Instead of continuing with the fight which I could by now have won if only for the moral upper hand of rage, I bailed, and everyone stared at me, wondering what was happening. I ran homewards as fast as I could to the store where mother always kept her cooking coal, with blood still dripping from my face. What I did in those fleeting moments of pain and panic was grind the few charcoal chalks into soluble powder, and apply it to my bleeding face. Thinking about it now, I almost can’t believe the extent of my little daredevilry and stupidity, because if my grandmother had caught me there, she would definitely have panicked, and I would definitely have received some serious spanking. Now satisfied with the experiment, I grimaced in pain but smiled in satisfaction, and waited. The line had been drawn, no pun intended, and the local science had been put to test. My father could either be proven wrong and the scar would disappear eventually, or he could be right and I could now have a tribal mark of my own making.

Looking at that lone vertical stripe on the right side of my face today, I could only smile. It used to be a really prominent one. Now it’s just an almost indistinguishable scar, but it’s there alright.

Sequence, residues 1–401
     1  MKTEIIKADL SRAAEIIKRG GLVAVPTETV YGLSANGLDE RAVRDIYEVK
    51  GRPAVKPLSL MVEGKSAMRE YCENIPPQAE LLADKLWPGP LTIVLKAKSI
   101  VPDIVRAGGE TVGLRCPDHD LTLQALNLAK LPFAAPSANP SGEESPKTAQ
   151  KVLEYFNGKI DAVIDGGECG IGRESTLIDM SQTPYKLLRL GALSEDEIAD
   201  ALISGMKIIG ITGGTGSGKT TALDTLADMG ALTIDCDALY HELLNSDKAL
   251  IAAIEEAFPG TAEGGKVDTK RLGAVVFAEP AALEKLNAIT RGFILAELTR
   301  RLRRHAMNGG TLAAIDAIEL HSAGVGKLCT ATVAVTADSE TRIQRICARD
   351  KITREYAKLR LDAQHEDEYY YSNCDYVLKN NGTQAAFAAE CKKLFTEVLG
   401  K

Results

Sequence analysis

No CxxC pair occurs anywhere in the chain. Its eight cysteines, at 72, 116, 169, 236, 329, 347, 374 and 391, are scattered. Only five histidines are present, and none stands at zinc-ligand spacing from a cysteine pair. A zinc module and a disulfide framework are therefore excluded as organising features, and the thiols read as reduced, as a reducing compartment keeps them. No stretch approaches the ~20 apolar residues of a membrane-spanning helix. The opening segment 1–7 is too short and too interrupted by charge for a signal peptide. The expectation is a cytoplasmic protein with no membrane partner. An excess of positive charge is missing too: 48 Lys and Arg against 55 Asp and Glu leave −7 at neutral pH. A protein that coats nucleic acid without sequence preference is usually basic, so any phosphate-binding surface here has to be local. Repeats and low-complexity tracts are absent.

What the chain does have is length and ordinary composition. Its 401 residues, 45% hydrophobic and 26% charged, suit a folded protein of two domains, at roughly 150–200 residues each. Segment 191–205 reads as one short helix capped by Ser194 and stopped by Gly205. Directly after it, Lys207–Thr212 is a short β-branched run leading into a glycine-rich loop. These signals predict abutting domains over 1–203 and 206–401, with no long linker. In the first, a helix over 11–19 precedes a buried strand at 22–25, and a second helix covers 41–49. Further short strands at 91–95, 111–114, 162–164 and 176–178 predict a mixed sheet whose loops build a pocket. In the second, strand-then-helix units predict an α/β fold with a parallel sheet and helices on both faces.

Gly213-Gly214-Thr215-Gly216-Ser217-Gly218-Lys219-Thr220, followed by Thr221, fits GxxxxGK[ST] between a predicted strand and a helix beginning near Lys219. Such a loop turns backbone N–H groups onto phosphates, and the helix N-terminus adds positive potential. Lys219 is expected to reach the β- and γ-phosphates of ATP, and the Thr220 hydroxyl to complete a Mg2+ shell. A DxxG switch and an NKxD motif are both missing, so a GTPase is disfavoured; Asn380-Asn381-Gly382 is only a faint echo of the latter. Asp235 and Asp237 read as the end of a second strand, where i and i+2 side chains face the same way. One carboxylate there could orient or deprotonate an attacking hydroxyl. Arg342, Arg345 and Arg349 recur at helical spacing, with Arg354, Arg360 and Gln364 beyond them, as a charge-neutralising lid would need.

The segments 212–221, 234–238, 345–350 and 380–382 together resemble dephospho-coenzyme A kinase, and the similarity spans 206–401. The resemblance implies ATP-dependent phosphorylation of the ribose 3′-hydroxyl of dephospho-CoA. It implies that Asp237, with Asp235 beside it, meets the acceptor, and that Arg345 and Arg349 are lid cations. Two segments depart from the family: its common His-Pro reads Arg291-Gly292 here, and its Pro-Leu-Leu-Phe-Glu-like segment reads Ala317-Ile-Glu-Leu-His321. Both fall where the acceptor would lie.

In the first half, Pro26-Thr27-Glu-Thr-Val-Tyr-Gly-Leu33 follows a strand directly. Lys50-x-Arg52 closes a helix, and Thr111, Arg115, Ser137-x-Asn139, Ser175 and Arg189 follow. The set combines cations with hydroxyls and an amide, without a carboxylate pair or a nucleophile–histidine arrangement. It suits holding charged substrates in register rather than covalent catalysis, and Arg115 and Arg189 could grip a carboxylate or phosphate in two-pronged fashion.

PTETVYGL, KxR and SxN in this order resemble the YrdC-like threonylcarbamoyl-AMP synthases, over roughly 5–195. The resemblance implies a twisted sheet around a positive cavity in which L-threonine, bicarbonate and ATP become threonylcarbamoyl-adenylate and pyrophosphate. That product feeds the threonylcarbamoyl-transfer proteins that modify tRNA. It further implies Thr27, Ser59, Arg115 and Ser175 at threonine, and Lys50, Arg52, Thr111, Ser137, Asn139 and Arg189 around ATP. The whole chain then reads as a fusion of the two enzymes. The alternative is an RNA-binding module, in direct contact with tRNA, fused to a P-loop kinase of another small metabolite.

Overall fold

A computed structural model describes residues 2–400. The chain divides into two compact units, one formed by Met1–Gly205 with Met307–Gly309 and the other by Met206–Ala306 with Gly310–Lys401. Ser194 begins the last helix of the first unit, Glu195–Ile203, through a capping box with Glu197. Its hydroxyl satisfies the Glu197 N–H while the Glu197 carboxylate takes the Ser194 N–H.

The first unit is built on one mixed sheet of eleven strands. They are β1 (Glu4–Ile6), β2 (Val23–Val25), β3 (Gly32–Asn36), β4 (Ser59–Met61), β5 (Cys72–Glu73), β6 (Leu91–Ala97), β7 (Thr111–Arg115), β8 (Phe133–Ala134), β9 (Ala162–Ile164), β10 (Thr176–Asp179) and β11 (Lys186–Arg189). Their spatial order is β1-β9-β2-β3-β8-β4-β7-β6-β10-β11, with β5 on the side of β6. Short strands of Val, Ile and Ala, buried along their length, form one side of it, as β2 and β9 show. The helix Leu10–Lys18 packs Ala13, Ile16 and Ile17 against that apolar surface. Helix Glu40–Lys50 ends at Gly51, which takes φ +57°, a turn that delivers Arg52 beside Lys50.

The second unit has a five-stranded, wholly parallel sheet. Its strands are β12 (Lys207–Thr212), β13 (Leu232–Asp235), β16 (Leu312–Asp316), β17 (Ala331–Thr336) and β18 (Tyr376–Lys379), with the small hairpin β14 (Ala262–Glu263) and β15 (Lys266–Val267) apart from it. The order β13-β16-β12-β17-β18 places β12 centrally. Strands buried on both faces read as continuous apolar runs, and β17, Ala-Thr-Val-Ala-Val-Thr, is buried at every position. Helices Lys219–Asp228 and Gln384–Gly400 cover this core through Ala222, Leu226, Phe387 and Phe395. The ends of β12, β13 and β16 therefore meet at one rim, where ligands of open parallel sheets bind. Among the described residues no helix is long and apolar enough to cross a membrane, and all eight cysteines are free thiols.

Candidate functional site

While applying for the Fulbright programme early last year, I wrote an account of this experience in my application to illustrate one of my first personal intimations with some of Yorùbá cultural practices, and only just hoped for some laughter when the board eventually got to read it. It was to my surprise on the big day of the interview when the board begged that the light be switched on in the room so that they could properly see the scar on my face. The anecdote had apparently made a memorable impression. I was giggling and grinning like an eight year old child as I showed it to them. And while one of them huddled close almost hand-tracing the line on my face, I myself wondered why and how I could have been such an enfant terrible willing to put his own self on the line for such a curious experiment. My face now bears one lone mark that wasn’t there since birth. But unlike that of many Yoruba people now wishing that they could erase theirs, or at least that they had got a choice in the matter in the beginning as they really should have, mine is worn with a certain pride.

Maybe I was really that terrible as a child, now atoning for those sins through the huge torment of the writing genie. The lone stripe on my face may be a fine reference point to some precocious point in my interesting history, but the real truth is that secretly, I really really just wanted to prove my father wrong.

 

Image Credits: http://www.vub.ac.be/BIBLIO/nieuwenhuysen/african-art/images/sothebys2008yoruba.JPG